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Members of the Committee may find these truths to be disagreeable. Perhaps I may, for example, turn to the remarks made by the noble Baroness. I should point out that I am trying to answer a number of different questions, and I know that the noble Lord, Lord Alton, has the infinite benefit of the last word. The noble Baroness said that no one wants children to be stigmatised and no one wants to see them going to school with raggedy clothes. Of course they do not. I am putting forward the generally comparable nature of what we are offering to asylum seekers as being truly generally comparable with what we offer our own citizens. That is not a perfect answer. Indeed, the noble Baroness might say, although she is too generous, that that is an ignoble answer. I am simply saying that what we provide for people in the difficult circumstances described by noble Lords has to have an appropriate measure in the context of what we offer others.
The noble Baroness said, as we all know, that when children grow up their feet grow at an alarming rate and they need new shoes every five minutes. Indeed, they also need changes of clothing, as do working parents in this country and those who have no employment. People who sleep along the Embankment feel the cold and the rain in the same way as we do. Therefore, in every instance I do not think that the responses have been proportionate to what we are doing, as opposed to what people say we are doing.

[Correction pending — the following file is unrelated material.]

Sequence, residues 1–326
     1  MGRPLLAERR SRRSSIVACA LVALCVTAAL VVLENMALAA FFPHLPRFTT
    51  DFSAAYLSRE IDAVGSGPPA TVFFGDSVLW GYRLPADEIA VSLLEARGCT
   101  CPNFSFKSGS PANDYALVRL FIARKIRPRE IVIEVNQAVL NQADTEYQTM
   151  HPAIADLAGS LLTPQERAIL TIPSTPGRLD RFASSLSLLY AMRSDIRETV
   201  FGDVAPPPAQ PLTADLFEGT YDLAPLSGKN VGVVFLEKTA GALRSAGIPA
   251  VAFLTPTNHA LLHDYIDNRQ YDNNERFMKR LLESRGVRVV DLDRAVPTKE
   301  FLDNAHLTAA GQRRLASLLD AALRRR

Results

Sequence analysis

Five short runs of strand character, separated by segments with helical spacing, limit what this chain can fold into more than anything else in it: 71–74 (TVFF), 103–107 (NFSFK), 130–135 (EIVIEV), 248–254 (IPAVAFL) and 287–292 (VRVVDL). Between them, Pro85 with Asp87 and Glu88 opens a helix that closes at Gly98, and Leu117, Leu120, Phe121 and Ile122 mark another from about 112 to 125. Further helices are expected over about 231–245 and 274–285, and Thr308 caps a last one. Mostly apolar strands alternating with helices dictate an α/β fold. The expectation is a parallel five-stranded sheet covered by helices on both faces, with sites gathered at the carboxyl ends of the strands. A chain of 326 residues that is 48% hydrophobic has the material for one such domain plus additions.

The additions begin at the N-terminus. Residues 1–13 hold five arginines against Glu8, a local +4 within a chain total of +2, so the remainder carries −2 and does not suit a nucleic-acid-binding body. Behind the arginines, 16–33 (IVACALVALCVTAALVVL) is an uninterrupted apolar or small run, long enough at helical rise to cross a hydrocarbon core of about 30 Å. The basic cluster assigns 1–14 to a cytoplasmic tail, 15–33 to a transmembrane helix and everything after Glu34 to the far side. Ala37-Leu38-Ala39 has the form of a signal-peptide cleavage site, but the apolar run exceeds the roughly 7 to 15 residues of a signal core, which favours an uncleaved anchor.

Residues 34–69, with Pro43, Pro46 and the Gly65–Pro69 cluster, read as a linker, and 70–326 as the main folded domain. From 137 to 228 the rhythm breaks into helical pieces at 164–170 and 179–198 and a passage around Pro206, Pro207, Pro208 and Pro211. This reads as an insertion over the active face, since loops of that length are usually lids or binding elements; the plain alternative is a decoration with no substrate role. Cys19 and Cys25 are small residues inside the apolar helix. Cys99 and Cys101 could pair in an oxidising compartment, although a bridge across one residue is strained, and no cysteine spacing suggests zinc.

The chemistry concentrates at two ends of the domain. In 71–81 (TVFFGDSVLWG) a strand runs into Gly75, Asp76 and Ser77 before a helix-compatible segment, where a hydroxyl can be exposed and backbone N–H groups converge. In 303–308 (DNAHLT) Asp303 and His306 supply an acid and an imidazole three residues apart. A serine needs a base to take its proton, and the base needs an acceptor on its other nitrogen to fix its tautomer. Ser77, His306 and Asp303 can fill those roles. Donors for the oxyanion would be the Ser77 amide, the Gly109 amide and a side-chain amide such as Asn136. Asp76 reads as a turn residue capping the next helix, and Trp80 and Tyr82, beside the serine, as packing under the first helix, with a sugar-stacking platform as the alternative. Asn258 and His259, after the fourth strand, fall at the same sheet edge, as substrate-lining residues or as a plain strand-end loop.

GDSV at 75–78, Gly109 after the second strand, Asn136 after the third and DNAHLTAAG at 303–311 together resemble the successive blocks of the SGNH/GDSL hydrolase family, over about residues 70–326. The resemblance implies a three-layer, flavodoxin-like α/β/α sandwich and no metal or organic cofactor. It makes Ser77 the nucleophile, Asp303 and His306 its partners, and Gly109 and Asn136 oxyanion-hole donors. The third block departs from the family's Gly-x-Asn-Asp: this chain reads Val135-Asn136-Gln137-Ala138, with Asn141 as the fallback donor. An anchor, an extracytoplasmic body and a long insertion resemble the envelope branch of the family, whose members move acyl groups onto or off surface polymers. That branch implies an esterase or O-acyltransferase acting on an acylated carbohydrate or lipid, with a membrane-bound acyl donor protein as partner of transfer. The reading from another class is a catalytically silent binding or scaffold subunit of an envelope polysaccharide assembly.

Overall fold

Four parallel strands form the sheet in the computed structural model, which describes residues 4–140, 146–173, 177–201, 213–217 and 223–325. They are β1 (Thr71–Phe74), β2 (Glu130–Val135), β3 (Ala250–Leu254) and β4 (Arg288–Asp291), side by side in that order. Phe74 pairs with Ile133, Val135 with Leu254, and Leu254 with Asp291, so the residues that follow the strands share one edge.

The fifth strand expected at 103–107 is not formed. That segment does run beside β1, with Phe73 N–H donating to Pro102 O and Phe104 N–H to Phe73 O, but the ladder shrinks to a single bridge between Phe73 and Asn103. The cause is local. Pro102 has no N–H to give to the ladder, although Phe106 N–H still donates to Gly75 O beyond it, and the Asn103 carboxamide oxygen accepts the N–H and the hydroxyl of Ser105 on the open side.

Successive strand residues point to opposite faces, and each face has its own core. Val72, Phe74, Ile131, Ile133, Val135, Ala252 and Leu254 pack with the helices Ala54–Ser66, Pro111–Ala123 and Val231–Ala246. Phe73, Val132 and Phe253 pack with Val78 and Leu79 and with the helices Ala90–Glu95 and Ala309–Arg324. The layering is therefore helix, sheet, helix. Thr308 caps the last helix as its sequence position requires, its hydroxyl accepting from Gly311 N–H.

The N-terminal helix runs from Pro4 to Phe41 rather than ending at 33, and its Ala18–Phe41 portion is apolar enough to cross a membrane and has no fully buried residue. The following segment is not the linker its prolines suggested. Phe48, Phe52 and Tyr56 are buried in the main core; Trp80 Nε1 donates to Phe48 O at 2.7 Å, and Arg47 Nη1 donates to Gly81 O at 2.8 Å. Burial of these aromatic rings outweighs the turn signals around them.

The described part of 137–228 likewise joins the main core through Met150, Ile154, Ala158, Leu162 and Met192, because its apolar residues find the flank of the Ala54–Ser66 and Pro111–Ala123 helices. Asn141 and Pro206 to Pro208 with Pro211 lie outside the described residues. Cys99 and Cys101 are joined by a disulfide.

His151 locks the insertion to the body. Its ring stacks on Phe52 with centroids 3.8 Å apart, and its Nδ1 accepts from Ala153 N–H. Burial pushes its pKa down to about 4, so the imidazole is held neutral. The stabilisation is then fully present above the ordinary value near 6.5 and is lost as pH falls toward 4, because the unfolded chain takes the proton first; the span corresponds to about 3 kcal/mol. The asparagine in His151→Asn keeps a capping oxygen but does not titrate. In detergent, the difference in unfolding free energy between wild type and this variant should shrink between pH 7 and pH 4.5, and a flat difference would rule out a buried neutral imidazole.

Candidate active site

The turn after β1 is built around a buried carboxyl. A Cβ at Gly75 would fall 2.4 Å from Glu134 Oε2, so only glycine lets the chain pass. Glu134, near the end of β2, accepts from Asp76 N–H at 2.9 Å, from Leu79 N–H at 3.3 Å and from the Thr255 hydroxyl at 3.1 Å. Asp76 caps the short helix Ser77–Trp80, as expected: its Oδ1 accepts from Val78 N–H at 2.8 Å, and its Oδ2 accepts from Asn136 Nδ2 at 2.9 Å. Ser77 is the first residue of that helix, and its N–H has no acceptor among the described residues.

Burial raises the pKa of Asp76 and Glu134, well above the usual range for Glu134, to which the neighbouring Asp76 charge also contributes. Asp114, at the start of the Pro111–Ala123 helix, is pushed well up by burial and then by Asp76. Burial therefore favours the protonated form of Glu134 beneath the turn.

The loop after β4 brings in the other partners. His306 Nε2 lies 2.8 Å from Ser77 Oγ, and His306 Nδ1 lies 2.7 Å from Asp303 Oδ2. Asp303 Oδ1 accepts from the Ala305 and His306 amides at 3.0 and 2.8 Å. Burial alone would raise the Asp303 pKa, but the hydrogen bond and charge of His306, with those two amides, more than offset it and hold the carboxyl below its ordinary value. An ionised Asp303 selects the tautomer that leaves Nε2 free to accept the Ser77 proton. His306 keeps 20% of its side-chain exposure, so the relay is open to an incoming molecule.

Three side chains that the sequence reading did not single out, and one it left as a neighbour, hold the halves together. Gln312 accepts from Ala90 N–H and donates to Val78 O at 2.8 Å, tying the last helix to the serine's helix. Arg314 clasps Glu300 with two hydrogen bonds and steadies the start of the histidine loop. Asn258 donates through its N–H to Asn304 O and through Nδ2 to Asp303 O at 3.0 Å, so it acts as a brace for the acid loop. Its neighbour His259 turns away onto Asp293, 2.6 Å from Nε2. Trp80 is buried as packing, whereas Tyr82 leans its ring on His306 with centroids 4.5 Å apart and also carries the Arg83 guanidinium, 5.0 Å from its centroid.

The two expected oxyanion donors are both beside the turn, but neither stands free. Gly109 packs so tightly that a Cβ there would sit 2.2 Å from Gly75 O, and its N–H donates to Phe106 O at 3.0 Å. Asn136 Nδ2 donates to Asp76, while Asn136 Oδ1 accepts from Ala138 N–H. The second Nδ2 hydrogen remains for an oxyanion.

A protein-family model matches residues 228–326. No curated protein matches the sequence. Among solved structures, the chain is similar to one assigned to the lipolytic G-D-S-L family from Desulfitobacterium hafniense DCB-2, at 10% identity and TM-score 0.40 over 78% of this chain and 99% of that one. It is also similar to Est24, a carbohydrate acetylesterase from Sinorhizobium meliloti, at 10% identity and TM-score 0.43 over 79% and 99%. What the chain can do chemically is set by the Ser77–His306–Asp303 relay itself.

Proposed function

I return to Amendment No. 152. What we have here are really declarations of desired objectives. I do not believe that there is any sentient being who would not regard these objectives as being desirable. I am simply saying that if
Baroness Williams of Crosby: Does the Minister concede that some of us on this side of the Committee have pressed very hard for what we regard as a somewhat better deal for those wearing raggedy clothes among our own citizens?
Lord Williams of Mostyn: Of course I do. I have always recognised that fact. I am simply pointing out that as we have to deal, by and large, with the world we recognise rather than the world which we wish to inhabit--though the two may not always be enormously different--any government have to consider how such provision will fit into the general social context. My noble friend Lord Clinton-Davis is absolutely right. Anyone we assist from foreign countries is not coming here to live in a bubble or a balloon; he or she will live in a community.
My noble friend is also right to say that one wants to be as constructive and moderate in language as possible. I did not regard my language as at all incendiary or disagreeable, although my noble friend Lord Judd chided me about it. If one is poor and one's life is pretty disagreeable, someone will have to answer the perfectly fair question: "Who's paying for all this?" Everyone in this Chamber has a duty to answer that, and pretending that the question is not there does no one any service.
Earl Russell: Perhaps I may ask the Minister whether I could possibly be dispensed from his request to make general remarks on this amendment. I would prefer to make my remarks on Amendment No. 156 for two reasons. First, they are germane to that argument and wide of this one; and, secondly, I missed the beginning of the debate on this amendment and, therefore, have remained silent. I hope that that is agreeable to the Minister and the Committee.